The IAB recently announced that digital ad spend rose 16.6% in the first half of 2014 alone -- with British companies spending a record 3.5 billion pounds on digital advertising in just 6 months. Recent figures from ZenithOptimedia show that it will account for 28.3% of total ad spending by 2016, but at the expense of the erosion of more traditional media.
We all know that aside from consumers going online, the biggest change for the industry has been programmatic. However, events like ad:tech London have reminded us that programmatic is no longer an add-on -- it is modern media buying. Whether we are talking about RTB or programmatic direct, the scale of the market means that to advertise effectively online brands must embrace programmatic -- and online is increasingly taking over. When everything from our watches, to our cars and to our fridges becomes connected, being "offline" will increasingly become a thing of the past.
So where do marketers sit within this new online, programmatic world? Well, the answer is that they are just trying to do their job in the most creative, most effective way possible -- and they are fast realising that programmatic is the way to achieve this. What we are seeing, however, is that as programmatic becomes more ingrained in marketing practices, and marketers become more attuned to how it works and how it can benefit them, they become more critical. They demand more insights, and more accountability, which means as an industry we need to iron out the flaws in our processes together to achieve something that really works and is mutually beneficial.
Issues such as brand safety and viewability are bound to come to the fore as marketers naturally expect more from digital advertising. After all, online advertising is driven by tech and algorithms, whereas traditional media like broadcast TV can’t offer the same type of accountability and measurement because the data simply isn’t available. The four ‘Summits’ that make up this year’s ad:tech conference echo this and summarise the key concerns for today’s advertisers: Future Media & Technology, Data-Fuelled Marketing, Engagement & Experience, Platforms & Devices. What this says is that media is changing at a breakneck speed as consumers pick up new devices and new behaviours, and marketers are chasing to catch up -- but that at the core of overcoming this is data.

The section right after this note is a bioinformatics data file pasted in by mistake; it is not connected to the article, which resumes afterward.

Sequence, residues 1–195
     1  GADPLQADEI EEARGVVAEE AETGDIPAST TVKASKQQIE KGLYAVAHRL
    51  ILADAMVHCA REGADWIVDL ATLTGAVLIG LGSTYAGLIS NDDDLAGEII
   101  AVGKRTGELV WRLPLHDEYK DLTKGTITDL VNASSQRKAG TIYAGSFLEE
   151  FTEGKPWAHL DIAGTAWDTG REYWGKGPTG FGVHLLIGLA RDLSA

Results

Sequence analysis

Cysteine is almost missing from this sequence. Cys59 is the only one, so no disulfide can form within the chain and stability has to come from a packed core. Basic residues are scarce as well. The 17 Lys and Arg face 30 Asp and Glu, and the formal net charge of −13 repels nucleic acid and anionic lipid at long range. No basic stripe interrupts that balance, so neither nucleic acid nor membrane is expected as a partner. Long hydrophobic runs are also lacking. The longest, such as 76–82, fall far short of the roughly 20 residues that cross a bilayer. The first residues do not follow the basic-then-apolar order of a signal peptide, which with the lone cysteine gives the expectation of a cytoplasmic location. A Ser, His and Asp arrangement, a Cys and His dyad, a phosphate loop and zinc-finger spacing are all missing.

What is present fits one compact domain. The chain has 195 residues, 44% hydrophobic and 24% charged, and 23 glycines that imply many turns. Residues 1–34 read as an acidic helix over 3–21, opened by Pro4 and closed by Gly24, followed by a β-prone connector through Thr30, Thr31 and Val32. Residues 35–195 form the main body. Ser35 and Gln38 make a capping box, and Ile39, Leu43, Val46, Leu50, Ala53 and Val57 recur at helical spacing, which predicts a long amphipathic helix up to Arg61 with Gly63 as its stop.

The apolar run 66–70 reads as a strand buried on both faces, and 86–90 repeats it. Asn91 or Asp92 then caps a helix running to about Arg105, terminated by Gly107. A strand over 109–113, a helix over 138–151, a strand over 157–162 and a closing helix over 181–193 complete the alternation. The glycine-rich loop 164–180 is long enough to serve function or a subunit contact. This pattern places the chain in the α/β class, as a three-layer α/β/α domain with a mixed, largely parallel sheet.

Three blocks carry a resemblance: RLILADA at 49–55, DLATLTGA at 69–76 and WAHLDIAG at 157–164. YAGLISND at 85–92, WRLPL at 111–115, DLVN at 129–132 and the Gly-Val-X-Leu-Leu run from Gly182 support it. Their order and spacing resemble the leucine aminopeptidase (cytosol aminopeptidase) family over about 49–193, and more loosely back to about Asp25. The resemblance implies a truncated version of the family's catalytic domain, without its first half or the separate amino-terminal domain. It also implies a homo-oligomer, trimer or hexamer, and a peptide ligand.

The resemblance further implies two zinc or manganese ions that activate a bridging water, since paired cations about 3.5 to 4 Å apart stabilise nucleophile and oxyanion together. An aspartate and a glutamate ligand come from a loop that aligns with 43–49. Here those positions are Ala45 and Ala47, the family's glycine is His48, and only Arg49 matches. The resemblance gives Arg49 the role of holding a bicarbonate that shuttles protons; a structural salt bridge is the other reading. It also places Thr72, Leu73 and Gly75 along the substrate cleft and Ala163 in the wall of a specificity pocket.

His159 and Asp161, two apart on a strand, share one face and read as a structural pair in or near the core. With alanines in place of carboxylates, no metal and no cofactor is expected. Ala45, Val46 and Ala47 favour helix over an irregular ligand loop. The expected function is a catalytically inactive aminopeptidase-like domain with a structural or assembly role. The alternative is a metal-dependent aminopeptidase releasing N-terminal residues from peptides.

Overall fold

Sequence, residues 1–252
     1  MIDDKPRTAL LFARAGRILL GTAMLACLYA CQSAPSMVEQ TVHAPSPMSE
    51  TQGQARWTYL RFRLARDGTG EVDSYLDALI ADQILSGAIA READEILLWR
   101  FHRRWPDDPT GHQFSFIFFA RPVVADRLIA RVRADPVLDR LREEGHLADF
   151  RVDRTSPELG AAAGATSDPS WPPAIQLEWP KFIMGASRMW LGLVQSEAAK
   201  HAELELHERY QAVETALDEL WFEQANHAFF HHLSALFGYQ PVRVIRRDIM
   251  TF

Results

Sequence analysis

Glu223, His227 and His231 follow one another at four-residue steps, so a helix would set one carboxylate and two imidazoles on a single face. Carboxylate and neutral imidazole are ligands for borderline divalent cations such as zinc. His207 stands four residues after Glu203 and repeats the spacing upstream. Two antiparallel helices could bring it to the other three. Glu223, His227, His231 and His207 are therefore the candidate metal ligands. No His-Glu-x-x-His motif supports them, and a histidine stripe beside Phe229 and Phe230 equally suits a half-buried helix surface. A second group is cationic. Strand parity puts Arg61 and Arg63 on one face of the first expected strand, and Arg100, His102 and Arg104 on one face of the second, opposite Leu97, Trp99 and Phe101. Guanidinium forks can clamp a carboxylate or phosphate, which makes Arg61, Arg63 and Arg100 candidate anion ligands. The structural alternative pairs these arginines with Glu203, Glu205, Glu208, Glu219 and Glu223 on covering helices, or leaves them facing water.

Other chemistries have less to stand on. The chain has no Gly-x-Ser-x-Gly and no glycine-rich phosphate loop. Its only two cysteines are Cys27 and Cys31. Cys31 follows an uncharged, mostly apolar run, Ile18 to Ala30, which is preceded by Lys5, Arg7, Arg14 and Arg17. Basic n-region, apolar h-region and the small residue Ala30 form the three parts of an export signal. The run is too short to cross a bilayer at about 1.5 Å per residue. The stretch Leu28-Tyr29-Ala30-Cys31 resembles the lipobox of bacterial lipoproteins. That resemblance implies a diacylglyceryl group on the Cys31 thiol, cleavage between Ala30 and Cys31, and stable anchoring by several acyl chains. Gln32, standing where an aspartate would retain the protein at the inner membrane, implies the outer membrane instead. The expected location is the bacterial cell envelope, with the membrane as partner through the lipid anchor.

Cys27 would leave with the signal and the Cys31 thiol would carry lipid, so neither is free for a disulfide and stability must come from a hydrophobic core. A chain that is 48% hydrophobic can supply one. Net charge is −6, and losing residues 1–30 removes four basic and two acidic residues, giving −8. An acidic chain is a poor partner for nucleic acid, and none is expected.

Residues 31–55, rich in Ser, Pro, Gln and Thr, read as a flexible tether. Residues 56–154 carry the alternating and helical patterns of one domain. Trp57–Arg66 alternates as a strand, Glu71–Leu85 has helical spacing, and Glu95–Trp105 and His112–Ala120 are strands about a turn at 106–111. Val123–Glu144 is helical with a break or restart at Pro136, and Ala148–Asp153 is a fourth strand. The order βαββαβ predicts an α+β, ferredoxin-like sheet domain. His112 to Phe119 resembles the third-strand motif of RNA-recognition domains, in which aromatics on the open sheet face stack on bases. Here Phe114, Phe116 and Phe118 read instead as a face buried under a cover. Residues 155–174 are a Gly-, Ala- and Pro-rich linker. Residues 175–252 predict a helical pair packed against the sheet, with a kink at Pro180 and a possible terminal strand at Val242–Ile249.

Data is disrupting the industry enormously from a marketer’s perspective -- and while they can see the potential, they aren’t necessarily seeing the results that they would desire. There is a need to reassemble and rework processes around this brave new world, but without the assurance from data feedback and results, how are marketers supposed to know whether this big step is one worth taking? There are also strategic concerns that need to be addressed, as digital must be part of a broader campaign that connects online to offline channels. For this kind of strategy to take place we need to make sure marketers are well informed and in control, which means providing them with the tools to activate and act upon their data, rather than doing this for them behind a curtain.
What is becoming clear is that this is the next step. The industry has been through a huge growth stage, and now it’s ready to mature and work in a way that is clear, accountable and effective. We’re all doing great work to improve advertising, but there is still work to be done in order to maximise the opportunity for our industry as a whole.